Reflection: Cycles of Inquiry The Billion Oyster Project: Program evaluation and design iteration (2 of 2) - Section 6: DEBRIEF


Actionable feedback is essential for student growth.  This has been one focus of my professional development this year.  What makes feedback actionable?  How much is too much?  How can students take more ownership over improving work products?  Attached are two samples of rubrics I have tried in my classroom this year.  The traditional rubric establishes a proficiency score for each assessment category and provides "next steps" for students to take to improve work.  The interactive rubric takes a different approach.  Students co-create the criteria for proficiency as well as the next steps to take.  If used as a digital document, the interactive rubric allows for students and teachers to hyperlink to model documents within each category as well as multiple next steps.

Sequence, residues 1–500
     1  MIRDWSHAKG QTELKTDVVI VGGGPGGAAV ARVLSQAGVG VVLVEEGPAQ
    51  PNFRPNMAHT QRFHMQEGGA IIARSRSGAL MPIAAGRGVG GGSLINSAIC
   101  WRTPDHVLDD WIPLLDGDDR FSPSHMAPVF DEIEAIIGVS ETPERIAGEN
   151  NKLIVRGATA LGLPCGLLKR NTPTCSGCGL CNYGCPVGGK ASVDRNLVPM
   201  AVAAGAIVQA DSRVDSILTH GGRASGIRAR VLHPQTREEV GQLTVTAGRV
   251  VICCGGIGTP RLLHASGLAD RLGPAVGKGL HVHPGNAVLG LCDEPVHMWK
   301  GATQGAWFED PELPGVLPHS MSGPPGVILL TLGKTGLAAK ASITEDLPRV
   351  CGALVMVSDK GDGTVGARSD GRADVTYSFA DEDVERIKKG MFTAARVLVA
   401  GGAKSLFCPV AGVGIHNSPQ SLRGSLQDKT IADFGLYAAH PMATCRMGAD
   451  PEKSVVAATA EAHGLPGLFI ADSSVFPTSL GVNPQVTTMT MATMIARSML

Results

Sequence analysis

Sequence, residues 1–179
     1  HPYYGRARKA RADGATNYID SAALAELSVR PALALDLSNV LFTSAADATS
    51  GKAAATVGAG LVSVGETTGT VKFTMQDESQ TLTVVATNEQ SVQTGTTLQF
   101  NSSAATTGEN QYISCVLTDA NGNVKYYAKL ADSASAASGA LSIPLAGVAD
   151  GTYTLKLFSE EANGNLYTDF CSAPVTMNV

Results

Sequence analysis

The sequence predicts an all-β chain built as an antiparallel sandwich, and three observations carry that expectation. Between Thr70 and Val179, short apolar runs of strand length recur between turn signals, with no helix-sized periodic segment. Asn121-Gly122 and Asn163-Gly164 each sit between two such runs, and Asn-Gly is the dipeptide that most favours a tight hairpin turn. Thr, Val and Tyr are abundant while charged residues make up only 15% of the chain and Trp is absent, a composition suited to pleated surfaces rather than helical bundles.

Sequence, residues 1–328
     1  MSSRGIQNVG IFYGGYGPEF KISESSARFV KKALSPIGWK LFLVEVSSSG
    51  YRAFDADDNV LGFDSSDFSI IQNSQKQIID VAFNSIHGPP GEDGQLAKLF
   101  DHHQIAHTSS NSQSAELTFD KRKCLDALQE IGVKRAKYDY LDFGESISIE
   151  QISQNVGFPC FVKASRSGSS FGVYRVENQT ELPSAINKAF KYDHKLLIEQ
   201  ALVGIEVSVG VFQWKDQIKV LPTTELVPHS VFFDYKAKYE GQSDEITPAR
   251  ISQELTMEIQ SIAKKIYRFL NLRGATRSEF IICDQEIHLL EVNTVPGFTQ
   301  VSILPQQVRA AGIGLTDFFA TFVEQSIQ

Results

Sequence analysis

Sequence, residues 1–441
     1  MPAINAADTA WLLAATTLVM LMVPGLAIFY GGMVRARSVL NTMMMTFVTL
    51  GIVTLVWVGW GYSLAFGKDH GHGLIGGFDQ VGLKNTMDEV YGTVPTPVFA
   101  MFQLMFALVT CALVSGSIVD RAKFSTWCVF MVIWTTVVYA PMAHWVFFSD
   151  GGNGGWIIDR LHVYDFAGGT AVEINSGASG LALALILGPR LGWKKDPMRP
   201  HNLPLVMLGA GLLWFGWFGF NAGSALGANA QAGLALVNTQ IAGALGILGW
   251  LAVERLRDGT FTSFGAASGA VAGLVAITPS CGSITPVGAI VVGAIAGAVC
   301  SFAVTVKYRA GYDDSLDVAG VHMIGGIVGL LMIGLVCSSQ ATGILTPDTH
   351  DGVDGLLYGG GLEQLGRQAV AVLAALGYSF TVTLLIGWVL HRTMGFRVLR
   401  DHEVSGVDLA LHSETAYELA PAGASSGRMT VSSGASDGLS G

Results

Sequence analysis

Anecdotally, the interactive rubric is far more successful at pushing students to internalize criteria for success. However, the barrier to buy-in is also much greater.  Although the interactive rubric was more effective for all students that tried to use it, far fewer students wanted to engage in the hard work of creating it.  An ongoing project for me next year will be to experiment with strategies that make the interactive rubric more attractive to students.

  Cycles of Inquiry: Actionable feedback
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The Billion Oyster Project: Program evaluation and design iteration (2 of 2)

Unit 2: Citizen science, Student design
Lesson 10 of 13

Objective: Students will be able to: 1) iterate on current design solutions that aim to rehabilitate oyster populations; 2) explain the importance of oysters to healthy urban ecosystems; and 3) evaluate environmental stewardship prototypes using an engineering-design thinking mindset.

Big Idea: Scientific research helps us to evaluate the impact of prototype solutions to environmental problems. How might our participation in the Billion Oyster Project help us better understand the relationship between science and engineering design?

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